“Perfect love drives out fear” (1 Jn. 4:18 ). When we choose love over our fear of disapproval or rejection, we cast a vote favouring intimacy and opposing shallow relationships. Bob responded graciously to my honesty and began to take appropriate action. Our friendship grew and deepened. If I ever need a wake-up call, I hope that he will risk honesty for me. That’s what love does.

A kiss shows value.

One of the reasons we are prone to lies or even not taking on the truth, is that we want to protect the self-image and egos of the people in our care. We abdicate the truth-telling to someone who is not so close, not so intimately responsible, not so bound up in the future of our loved one—let him say what needs to be said.

But should the truth come from someone who doesn’t give a whit? No, it shouldn’t.

The person we kiss is a person who is precious to us.

When we choose to tell the truth, we communicate how much we value that person.

We don’t want to hurt them, but it would hurt more if they were to progress down a path of denial and pain.

We will rescue what we value when we are honest. That’s why Prov. 27:6 says, “Wounds from a friend can be trusted.”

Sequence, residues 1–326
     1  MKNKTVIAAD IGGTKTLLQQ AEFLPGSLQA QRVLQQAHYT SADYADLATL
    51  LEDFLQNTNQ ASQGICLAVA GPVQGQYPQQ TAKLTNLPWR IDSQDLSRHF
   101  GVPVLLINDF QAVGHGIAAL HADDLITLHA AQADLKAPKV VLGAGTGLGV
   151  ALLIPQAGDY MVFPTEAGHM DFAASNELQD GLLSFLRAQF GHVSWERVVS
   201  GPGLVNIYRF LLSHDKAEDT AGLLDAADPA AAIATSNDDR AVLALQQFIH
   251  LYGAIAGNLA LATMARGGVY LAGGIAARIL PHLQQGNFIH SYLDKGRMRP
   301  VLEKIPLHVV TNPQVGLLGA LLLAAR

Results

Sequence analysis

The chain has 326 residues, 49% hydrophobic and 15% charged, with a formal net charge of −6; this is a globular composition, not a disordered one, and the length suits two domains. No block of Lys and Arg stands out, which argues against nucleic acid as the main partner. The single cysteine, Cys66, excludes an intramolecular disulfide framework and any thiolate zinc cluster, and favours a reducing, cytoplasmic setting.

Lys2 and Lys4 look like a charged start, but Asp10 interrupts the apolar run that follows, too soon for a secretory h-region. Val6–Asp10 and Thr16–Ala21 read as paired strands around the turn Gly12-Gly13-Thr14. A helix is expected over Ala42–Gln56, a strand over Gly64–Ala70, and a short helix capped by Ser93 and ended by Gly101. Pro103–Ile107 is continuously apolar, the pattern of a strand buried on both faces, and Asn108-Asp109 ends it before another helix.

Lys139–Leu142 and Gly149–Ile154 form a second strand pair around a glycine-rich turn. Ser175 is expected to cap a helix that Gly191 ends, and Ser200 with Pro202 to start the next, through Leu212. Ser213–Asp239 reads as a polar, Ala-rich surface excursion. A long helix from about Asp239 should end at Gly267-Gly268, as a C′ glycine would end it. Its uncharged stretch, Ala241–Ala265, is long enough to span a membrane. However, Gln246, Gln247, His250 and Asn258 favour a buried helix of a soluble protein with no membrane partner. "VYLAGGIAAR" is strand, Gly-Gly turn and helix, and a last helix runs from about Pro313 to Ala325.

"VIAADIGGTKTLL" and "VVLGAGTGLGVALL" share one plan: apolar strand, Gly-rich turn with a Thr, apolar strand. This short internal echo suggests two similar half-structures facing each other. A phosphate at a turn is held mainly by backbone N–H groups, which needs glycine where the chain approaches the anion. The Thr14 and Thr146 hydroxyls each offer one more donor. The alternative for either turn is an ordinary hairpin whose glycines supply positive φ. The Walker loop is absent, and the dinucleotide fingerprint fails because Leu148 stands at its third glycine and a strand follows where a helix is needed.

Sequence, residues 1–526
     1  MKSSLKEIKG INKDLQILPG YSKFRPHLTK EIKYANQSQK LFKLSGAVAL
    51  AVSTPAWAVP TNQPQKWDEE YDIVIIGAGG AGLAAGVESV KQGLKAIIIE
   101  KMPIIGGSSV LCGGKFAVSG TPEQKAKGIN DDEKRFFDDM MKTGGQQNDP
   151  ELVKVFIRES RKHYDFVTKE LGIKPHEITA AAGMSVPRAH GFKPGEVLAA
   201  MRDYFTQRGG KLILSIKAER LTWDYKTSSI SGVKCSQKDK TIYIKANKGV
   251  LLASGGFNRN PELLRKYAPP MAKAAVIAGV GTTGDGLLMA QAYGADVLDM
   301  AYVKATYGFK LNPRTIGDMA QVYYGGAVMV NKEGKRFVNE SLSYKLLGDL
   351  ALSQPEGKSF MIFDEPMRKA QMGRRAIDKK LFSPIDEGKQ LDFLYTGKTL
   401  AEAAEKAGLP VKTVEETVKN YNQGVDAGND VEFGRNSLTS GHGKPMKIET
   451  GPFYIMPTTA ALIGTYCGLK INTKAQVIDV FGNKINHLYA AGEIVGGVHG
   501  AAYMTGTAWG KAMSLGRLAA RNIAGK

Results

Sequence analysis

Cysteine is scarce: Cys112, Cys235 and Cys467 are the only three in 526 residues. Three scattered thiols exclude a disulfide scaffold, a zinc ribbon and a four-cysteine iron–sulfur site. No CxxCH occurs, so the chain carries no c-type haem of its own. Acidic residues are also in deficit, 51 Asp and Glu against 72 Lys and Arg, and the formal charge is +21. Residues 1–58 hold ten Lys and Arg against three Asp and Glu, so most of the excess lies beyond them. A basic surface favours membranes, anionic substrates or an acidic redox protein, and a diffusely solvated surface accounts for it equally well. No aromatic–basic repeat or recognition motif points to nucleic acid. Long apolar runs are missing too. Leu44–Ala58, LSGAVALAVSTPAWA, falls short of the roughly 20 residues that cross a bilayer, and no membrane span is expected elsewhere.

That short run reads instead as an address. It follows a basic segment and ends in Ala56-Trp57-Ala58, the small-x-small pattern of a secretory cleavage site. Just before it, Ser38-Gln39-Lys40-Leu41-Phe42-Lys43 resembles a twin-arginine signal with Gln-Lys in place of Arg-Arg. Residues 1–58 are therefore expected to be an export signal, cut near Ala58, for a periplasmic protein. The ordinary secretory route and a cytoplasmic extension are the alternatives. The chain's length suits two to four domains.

When we value a person, we will risk the truth.

Truth is coming….

This doesn’t mean we rush into who cares ways of telling the truth, we look at each person and situation and make a decision on how to approach it.   Through life’s experience we take note and learn the art program of “speaking the truth in love” (Eph. 4:15 ), care is needed.

An effective kiss needs to be gentle.

Honour is not bestowed by a rough, painful kiss. A kiss needs to be appropriate. An ill-timed, embarrassing kiss does not communicate love. And a kiss needs to be nestled in trust. An atmosphere of trust must be fostered before a kiss confers value. The same three guidelines apply to honesty.  Which we will look at next time

Next time along with this let us look at the Art of Honesty…

 

One…You have been invested into

images“For this was the very end and purpose of His Incarnation, that our human nature might in His Person obtain and receive whatever it could not otherwise have obtained, and that we might be partakers both of the same nature and of the same blessings within Him…  It was necessary, therefore, that God and man should be personally united, in order that human nature might be invested with power and exalted to glory” The Orations of St. Athanasius Against the Arians